I love folk horror, so when I saw that Rubicon Films were going to release a modern folk horror I was very excited. Generally speaking I was impressed with their previous film, Hex, another folk horror set in the English Civil War and I was looking forward to seeing how they have developed as filmmakers.
The Droving tells the story of ex-soldier Martin (Daniel Oldroyd) and his quest through some beautiful countryside to find his missing sister. Martin's military history involves some interrogation experience and he puts this to use in uncovering what happened to his younger sister through layers of tradition and rituals around a local droving festival.
Like Hex this is a film with deeper themes than the surface story- isolation, loss and grief are woven throughout and when The Droving gets it right, it's very effective.
I have to say that across the board Rubicon Films have improved. I think George Popov has made big strides as a director and, along with Jonathon Russell, the writer has progressed. There’s still maybe a slight tendency to over write (but only in parts). This is a big step forward in production, it’s ambitious and has its emphasis on building an atmosphere of coming dread that I love in folk horror.
Rubicon Films know how to pick a location. Hex had some great locations, but The Droving is packed with them from the bizarre hiking hut that seems to be a natural part of the mountain to the wide expanse of countryside and The Wicker Man esque droving parade. This is a beautifully shot film and I think Director of Photograhpy, Harry Young, and camera operator, Richard Suckling, deserve a lot of credit for their work on the film.
If I have one slight criticism it would be that the quality of acting varies in The Droving, but it’s centred around a strong performance from Daniel Oldroyd, giving shades of Paddy Considine in Dead Man’s Shoes. The flashback sequences between Martin and his sister don't quite hit the right note for me, but this is more to do with them taking me out of the main body of the story.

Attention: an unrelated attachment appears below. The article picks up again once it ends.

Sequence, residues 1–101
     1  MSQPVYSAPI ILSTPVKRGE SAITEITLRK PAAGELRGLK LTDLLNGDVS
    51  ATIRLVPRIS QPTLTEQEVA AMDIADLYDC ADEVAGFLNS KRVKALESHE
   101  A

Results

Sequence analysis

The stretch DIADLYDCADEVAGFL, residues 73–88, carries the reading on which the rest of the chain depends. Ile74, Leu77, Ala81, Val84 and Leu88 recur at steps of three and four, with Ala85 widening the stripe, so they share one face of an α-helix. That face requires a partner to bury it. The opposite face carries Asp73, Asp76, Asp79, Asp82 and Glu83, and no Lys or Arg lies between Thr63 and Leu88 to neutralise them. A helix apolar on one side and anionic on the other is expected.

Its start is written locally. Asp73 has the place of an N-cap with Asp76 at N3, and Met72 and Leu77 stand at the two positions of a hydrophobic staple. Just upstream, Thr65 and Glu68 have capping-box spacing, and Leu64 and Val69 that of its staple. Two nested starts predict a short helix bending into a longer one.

The Droving takes its time and there is a clear emphasis on building the tension and creating an atmosphere throughout. This is something which I think is a hallmark of a good folk horror—The Wicker Man, The Ritual, The Witch, these films make a deliberate attempt to pile on the tension in layers until everything boils over in a powerful final act. While there is a big step up in terms of the fight scenes from Hex to The Droving, I would like to see Rubicon bare their teeth a little. When Martin’s questioning gets more…physical it feels like the intensity needs to be ratcheted up—we need to be made to feel uncomfortable.
Something we’ve been talking about on the podcast over the last few weeks is when horror films are darkly funny without tipping over into comedy. The Droving has some moments like this which I think shows the progression from Hex. I could see “Pick up your furry friends and fuck off” on a t-shirt!
I think there’s no question the script is stronger than Hex and I think what I find most enjoyable about it is that I don’t think this is George Popov and Jonathon Russell hitting their peak. I think The Droving is a really good piece of independent British folk horror and I think whatever Rubicon come up with next is going to be even better. If they can continue to progress then I think they’re going to get more and more attention—deservedly so.
So now we move on to the Hermanos of Horror rating system...
Is it a good film? 2.5/3
The quality of the acting sometimes dips, but overall this is a good indie folk horror with brilliant visuals and a great score from Matthew Laming.
Did I enjoy it? 1.5/2
Yep. I'm a sucker for folk horror and this had enough of the ominous atmosphere for me to feel at home. I particularly liked the ending (becoming a bit of a thing with Rubicon productions!)
Obviously in the realm of folk horror there are some standout classics I would recommend before The Droving, but if I was recommending low budget indie folk horrors then this would be towards the top of the list.
Fear factor 1.25/3
I think The Droving could bare its teeth a little more and a couple of the scenes are a little too long, but overall I think the atmosphere is effective with some creepy moments.
The Droving is available now on Amazon Prime Video (and you should definitely stick on an animal mask, join the parade and enjoy it)